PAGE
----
Art And The British Empire At Tate: Reviewed

Artist and Empire, Tate Britain ★★★☆☆

Tabish Khan
By Tabish Khan Last edited 27 months ago
Art And The British Empire At Tate: Reviewed Artist and Empire, Tate Britain 3
British officers are entertained in an India court. Copyright British Library.

The British Empire is a tricky subject to explore; even today it generates patriotism and shame in equal measure among Britons. Artist & Empire: Facing Britain's Imperial Past takes the right approach, and doesn't try to tackle this dilemma. Instead it simply acknowledges the dichotomy at the outset, before getting on with the business of showing how art was inspired by the Empire.

Everything you'd expect to find in this exhibition is here: British soldiers heroically fight off Zulus and Afghans, with General Gordon nobly facing the Sudanese before his demise. Maps showing the global influence of the Empire, would have originally been placed in schools; the sooner indoctrination begins, the better. The patriotic propaganda doesn't get any more blatant than a muscular Brittanian impaling a Bengal tiger.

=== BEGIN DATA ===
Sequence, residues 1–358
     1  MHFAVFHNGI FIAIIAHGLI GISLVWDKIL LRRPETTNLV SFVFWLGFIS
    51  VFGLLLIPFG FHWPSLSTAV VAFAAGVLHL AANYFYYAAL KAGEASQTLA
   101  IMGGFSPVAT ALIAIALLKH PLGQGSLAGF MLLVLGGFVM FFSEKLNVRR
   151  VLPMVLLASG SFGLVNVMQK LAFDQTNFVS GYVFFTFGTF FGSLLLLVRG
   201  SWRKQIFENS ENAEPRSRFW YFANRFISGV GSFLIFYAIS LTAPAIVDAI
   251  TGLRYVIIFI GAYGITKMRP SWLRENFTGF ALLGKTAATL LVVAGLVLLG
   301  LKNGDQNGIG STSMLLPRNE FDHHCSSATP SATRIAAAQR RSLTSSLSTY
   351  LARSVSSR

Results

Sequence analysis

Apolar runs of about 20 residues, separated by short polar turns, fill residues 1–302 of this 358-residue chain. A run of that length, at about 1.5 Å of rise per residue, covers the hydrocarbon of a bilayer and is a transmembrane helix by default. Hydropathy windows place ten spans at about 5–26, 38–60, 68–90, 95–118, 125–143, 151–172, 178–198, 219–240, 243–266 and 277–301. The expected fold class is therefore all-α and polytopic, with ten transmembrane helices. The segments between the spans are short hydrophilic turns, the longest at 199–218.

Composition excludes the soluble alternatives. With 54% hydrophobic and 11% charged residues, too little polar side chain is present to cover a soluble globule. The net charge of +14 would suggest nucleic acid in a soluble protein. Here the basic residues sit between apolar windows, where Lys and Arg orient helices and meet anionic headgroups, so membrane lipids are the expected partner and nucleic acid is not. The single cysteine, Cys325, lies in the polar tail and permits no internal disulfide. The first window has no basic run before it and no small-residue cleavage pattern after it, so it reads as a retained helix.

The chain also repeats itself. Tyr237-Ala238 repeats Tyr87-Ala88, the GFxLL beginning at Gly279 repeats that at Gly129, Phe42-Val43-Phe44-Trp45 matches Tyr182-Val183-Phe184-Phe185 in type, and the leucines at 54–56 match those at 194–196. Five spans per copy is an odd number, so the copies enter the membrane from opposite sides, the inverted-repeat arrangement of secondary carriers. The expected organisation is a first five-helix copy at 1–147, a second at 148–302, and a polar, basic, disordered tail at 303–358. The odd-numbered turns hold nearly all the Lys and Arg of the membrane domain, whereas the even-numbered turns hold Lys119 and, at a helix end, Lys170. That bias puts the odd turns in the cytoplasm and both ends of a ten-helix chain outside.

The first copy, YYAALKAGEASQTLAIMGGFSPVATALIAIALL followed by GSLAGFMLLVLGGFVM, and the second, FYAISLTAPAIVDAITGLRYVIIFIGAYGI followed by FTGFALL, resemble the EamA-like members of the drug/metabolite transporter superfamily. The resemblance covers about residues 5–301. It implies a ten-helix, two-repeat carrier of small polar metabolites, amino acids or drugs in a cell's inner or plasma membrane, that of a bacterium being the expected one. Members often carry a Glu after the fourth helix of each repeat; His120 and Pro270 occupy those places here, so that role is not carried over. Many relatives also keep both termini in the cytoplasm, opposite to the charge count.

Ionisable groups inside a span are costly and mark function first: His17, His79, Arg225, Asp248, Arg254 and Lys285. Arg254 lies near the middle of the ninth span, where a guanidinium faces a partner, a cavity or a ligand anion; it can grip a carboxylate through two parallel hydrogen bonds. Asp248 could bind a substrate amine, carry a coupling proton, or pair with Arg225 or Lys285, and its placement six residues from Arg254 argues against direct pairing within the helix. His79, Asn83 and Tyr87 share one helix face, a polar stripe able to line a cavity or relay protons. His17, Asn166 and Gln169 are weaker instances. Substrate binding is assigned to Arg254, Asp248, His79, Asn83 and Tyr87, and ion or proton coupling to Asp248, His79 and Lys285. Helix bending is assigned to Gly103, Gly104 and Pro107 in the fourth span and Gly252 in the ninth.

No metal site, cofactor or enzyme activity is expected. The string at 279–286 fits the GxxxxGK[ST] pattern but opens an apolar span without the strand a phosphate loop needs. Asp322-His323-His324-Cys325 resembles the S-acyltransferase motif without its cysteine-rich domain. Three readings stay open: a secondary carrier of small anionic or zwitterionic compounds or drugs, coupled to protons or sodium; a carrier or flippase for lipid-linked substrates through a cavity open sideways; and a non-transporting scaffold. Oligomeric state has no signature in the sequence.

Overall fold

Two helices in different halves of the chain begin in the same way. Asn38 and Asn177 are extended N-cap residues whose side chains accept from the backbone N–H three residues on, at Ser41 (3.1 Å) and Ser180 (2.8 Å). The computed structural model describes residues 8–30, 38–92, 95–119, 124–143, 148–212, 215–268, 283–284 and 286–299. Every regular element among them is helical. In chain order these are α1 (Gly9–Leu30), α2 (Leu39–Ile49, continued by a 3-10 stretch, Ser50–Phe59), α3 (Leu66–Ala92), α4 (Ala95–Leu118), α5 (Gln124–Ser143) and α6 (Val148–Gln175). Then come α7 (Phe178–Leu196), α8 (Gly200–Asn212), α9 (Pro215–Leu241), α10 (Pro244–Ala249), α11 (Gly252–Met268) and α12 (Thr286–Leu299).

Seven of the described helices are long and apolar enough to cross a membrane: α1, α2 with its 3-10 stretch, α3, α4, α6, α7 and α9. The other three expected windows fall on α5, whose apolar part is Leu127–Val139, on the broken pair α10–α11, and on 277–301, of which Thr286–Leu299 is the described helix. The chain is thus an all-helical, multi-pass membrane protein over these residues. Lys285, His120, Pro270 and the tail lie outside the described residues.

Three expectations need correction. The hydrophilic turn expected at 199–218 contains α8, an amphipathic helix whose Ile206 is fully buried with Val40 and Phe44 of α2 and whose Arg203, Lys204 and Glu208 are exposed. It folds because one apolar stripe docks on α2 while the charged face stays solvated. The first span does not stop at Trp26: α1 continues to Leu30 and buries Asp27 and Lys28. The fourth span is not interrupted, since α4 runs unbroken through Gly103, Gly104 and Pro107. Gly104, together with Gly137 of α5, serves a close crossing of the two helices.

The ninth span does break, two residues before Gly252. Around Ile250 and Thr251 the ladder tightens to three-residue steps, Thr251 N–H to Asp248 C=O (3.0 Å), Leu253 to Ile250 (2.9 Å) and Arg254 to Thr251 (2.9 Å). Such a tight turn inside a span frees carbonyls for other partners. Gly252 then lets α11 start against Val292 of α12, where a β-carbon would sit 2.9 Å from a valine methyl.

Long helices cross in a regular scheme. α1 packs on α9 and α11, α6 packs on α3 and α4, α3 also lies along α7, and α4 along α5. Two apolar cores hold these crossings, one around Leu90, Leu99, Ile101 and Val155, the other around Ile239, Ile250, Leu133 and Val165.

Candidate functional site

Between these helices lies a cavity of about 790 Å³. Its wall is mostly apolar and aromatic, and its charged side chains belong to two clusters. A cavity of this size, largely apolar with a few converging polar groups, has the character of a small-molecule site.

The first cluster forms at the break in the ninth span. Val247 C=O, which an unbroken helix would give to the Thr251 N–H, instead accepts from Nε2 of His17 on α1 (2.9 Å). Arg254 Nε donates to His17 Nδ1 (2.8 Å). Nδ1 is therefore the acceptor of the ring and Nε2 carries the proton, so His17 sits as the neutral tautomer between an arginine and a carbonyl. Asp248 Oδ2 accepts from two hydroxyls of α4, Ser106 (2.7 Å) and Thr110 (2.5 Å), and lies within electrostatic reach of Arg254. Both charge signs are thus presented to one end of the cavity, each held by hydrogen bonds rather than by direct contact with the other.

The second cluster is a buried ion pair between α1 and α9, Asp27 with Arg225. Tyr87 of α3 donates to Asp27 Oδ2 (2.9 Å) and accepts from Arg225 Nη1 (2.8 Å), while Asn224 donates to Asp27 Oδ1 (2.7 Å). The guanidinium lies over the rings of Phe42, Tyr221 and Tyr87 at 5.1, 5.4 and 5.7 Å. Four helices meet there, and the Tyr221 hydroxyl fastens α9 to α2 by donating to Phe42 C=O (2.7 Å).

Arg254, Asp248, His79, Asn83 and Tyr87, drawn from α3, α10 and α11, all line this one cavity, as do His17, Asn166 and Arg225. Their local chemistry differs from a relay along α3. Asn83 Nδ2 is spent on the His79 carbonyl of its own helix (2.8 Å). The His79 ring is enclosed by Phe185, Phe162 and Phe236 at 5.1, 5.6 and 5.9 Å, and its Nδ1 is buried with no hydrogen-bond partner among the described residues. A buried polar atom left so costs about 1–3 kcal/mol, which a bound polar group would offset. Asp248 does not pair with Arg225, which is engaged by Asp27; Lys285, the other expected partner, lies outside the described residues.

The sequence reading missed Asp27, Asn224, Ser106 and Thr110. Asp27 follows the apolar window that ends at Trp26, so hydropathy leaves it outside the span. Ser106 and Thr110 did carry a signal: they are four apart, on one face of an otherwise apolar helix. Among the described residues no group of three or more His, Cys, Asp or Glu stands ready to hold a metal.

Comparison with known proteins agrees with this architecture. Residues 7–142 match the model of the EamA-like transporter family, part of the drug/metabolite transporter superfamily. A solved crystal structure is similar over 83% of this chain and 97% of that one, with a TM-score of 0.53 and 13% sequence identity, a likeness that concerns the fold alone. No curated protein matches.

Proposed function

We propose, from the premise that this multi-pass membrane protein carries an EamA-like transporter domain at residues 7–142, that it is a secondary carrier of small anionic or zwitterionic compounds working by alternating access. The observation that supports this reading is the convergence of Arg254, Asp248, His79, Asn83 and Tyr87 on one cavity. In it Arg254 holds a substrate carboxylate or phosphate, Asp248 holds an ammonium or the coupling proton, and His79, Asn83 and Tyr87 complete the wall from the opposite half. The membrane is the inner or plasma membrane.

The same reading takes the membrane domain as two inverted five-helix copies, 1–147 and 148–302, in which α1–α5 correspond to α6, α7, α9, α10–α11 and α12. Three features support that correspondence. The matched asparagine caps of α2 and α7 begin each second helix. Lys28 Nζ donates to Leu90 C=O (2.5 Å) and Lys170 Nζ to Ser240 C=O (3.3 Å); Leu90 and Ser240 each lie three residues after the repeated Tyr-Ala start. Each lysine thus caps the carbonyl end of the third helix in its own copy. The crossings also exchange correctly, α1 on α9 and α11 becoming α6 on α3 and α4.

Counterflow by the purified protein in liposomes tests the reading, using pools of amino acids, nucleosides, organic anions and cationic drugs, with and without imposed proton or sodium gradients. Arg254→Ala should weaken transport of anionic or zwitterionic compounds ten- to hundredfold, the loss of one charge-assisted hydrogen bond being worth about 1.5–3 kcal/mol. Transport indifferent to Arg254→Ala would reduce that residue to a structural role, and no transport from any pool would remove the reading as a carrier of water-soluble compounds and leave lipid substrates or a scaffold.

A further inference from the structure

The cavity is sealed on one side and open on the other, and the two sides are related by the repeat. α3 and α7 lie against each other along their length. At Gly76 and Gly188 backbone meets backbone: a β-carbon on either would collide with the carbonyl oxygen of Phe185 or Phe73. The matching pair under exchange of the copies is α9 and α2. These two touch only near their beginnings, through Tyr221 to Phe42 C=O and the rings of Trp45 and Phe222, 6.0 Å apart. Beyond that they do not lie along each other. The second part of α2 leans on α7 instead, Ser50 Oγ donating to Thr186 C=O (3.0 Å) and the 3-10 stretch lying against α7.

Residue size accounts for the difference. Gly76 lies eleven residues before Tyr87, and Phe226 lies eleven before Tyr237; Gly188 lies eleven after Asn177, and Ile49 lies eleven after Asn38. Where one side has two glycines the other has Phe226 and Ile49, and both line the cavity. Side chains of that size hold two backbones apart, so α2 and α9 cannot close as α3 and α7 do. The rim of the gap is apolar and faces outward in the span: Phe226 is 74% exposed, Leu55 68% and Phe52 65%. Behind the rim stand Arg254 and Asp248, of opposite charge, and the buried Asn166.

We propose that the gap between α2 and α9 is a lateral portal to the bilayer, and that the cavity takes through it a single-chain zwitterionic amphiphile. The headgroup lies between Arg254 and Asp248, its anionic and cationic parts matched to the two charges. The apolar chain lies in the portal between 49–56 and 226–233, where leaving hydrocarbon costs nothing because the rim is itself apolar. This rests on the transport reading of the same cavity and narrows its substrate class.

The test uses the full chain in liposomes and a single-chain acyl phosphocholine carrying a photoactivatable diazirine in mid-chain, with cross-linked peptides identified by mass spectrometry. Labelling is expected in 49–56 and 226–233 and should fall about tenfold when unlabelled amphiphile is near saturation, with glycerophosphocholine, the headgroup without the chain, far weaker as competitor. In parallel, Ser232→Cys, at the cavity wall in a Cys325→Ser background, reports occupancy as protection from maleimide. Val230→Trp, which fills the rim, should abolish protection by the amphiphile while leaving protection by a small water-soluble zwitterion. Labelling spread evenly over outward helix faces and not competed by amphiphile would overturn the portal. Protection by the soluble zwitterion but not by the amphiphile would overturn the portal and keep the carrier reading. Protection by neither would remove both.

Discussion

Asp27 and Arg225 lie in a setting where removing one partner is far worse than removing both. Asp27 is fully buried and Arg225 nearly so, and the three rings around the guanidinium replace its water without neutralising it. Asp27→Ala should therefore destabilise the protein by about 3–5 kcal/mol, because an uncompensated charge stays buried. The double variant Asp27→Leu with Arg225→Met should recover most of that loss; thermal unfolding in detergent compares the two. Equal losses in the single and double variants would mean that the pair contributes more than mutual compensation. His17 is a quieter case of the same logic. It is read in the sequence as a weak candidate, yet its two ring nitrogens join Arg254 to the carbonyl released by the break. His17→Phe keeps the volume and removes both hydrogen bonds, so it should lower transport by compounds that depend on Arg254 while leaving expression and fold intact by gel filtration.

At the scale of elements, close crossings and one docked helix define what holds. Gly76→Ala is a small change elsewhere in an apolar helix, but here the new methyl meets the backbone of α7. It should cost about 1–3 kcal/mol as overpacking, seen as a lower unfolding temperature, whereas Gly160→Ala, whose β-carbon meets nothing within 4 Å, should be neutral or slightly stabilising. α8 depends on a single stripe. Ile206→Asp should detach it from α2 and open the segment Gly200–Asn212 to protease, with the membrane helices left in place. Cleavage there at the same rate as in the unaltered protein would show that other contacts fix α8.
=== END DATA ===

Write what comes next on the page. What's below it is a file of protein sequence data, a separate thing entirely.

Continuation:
It's not just works created by British artists that feature here though; there are some remarkably carved heads looted from Benin, and a chess set that pits the East India Company against the forces of Tipu Sultan. A modern interpretation showing the flip side of the shilling is a sculpture of British soldiers decorated and being paraded — a hypothetical scenario of what would have happened if Britain had lost the Anglo-Zulu war.

Ironically it's the romanticised depictions of war that are the most striking and enjoyable; other works are a mixed bag, with the climactic post-1900s exhibits being a genuine disappointment. Like the Empire itself, this exhibition goes out with a whimper, not a bang.

Still, it does highlight one positive legacy of the Empire: at least it produced some decent art.

Artist & Empire: Facing Britain's Imperial Past is on at Tate Britain until 10 April. Tickets are £14.50 for adults, concessions available. The exhibition is open seven days a week.

Last Updated 24 November 2015